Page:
Daily News: Nokia, HPQ, Apple

  • Nokia nabs new CEO, from Microsoft. Nokia (NOK) is surging in Europe this morning following the announcement that a new CEO has been named and will take charge effective Sept. 21. The new CEO will be Canada-born Stephen Elop, currently the head of Microsoft’s (MSFT) business division. Rumors of the impending departure of current CEO Olli-Pekka Kallasvuo have been circulating since July. Analysts have mixed feelings about the choice of Elop, welcoming his software background while noting that Microsoft has its own problems in the mobile sphere. Investors are less picky, pushing Nokia stock +5% in early Europe trading.
  • Hewlett-Packard Russia bribe probe widens. Hewlett-Packard (HPQ) disclosed that a probe by U.S. authorities of possible bribes the company paid in Russia is now wider than previously reported. The disclosure, in an SEC filing, pertains to a long-running German investigation of allegations that H-P, through a German subsidiary, paid bribes in Russia to secure a contract valued at €35M, or about $44.5M; The disclosure itself is a sign the investigation has entered a new phase.
  • Apple eases apps. Apple (AAPL) will allow app developers for its iOS operating system for the iPhone, iPod Touch and iPad to use any code-authoring tools they prefer, rather than restricting them to Apple’s own tools, to write programs. Apple was feeling pressure from app developers who had to spend time and money to build separate versions of apps to work on both iOS and Google’s (GOOG) Android smartphone platform. Adobe (ADBE) shares surged more than 12% Thursday, as Apple’s new rules suggest that Adobe’s Flash and related tools may become viable for iOS.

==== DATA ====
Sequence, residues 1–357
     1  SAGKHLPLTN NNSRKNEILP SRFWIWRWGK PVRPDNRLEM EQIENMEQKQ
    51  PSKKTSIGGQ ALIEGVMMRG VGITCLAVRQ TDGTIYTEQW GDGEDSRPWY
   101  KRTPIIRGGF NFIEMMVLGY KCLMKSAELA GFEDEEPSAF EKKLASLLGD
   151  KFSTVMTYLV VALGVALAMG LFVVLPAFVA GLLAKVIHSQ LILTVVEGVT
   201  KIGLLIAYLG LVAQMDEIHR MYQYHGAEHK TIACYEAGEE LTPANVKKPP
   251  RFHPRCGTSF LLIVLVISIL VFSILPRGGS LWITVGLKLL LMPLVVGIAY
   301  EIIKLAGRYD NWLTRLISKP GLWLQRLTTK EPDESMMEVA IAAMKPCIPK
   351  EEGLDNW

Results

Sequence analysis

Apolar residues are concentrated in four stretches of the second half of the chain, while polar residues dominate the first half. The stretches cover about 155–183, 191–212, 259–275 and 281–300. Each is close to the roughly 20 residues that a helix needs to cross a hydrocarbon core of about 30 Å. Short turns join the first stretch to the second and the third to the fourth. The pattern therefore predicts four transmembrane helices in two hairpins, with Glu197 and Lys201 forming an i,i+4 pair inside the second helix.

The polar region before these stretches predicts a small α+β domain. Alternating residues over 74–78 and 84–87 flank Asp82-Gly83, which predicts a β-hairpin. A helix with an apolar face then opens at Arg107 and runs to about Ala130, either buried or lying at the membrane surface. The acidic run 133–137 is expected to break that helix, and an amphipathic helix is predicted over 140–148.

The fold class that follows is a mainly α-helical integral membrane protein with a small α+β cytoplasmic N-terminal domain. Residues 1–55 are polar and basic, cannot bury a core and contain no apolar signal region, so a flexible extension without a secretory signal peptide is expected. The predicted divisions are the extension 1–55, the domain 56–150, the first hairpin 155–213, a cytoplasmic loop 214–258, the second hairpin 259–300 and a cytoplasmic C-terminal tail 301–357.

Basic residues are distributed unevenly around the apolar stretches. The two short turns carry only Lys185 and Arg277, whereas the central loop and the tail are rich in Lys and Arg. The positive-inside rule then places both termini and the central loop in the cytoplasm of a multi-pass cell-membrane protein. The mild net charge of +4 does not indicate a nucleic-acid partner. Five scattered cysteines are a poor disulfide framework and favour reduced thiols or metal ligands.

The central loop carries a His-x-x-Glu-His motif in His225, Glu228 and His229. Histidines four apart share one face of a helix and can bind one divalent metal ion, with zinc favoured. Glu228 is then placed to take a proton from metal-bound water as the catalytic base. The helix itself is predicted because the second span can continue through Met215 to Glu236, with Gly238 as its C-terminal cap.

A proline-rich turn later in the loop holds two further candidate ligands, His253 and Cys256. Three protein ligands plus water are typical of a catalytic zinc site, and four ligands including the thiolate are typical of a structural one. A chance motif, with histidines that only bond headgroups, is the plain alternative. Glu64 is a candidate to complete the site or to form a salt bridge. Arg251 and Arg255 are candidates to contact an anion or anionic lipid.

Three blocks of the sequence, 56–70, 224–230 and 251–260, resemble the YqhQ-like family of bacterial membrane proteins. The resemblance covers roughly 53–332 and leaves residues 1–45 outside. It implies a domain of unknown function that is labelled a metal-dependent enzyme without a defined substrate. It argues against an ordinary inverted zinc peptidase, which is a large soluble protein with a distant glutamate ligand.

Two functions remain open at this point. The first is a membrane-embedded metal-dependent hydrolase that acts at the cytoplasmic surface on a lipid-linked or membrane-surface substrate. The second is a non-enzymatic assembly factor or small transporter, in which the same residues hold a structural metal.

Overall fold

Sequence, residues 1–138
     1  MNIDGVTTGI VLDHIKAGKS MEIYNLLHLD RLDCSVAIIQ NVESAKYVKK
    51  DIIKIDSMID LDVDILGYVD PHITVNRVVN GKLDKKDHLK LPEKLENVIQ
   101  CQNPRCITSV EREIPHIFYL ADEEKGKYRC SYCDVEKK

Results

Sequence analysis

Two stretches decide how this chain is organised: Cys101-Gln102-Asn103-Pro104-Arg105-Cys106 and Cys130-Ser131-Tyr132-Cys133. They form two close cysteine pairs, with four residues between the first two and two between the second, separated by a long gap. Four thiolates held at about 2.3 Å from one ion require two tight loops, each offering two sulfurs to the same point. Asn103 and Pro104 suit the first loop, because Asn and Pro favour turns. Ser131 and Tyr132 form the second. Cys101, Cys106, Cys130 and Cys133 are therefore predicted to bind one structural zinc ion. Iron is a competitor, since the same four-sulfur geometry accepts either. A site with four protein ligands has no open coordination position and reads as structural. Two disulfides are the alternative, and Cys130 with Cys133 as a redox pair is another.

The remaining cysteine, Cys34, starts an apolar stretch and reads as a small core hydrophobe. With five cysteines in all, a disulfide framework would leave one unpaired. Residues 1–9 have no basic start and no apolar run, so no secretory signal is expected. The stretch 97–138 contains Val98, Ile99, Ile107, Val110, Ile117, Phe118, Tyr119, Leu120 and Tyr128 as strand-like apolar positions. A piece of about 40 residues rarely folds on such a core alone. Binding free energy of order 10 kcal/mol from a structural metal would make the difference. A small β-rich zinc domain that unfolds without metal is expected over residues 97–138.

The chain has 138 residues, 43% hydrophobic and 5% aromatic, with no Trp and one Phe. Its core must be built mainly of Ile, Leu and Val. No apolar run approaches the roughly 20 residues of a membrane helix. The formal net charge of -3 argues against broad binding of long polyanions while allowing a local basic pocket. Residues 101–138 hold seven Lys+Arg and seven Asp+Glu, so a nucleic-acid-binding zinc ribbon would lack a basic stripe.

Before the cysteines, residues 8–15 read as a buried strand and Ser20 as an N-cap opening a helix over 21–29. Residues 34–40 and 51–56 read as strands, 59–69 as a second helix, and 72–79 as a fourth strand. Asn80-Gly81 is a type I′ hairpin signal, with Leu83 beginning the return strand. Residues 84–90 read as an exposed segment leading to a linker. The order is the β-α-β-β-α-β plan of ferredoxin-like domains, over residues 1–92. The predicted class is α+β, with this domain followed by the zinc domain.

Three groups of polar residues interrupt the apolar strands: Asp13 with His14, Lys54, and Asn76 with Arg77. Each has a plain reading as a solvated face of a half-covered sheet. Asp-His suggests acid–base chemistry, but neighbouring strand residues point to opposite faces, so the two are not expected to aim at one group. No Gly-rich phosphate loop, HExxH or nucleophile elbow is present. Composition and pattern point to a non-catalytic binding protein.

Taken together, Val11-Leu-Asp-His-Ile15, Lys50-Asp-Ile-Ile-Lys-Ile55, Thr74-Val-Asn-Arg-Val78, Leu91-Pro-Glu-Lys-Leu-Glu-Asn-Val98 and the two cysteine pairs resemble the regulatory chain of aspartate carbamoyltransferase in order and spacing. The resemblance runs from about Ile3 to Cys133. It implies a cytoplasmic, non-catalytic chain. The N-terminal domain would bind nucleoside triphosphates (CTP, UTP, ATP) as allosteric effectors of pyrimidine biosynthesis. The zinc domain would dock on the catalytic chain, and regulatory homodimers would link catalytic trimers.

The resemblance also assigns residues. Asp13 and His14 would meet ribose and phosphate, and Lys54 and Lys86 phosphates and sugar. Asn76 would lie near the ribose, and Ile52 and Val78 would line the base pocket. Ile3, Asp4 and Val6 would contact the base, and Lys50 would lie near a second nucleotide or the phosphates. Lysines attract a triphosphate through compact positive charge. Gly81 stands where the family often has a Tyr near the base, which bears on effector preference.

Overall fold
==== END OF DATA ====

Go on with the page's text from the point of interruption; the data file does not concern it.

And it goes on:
• Steelworkers file complaint against China. The U.S. Steelworkers union formally requested a U.S. trade investigation into China’s policies to support its green tech sector, in a case that could end up before the World Trade Organization. The petition accuses China’s government of providing hundreds of billions of dollars in subsidies and other means of support to provide an unfair advantage to local firms. China’s manufacture of solar panels, wind power turbines and other clean energy products has turned the nation into the global leader in those markets.

Source: SeekingAlpha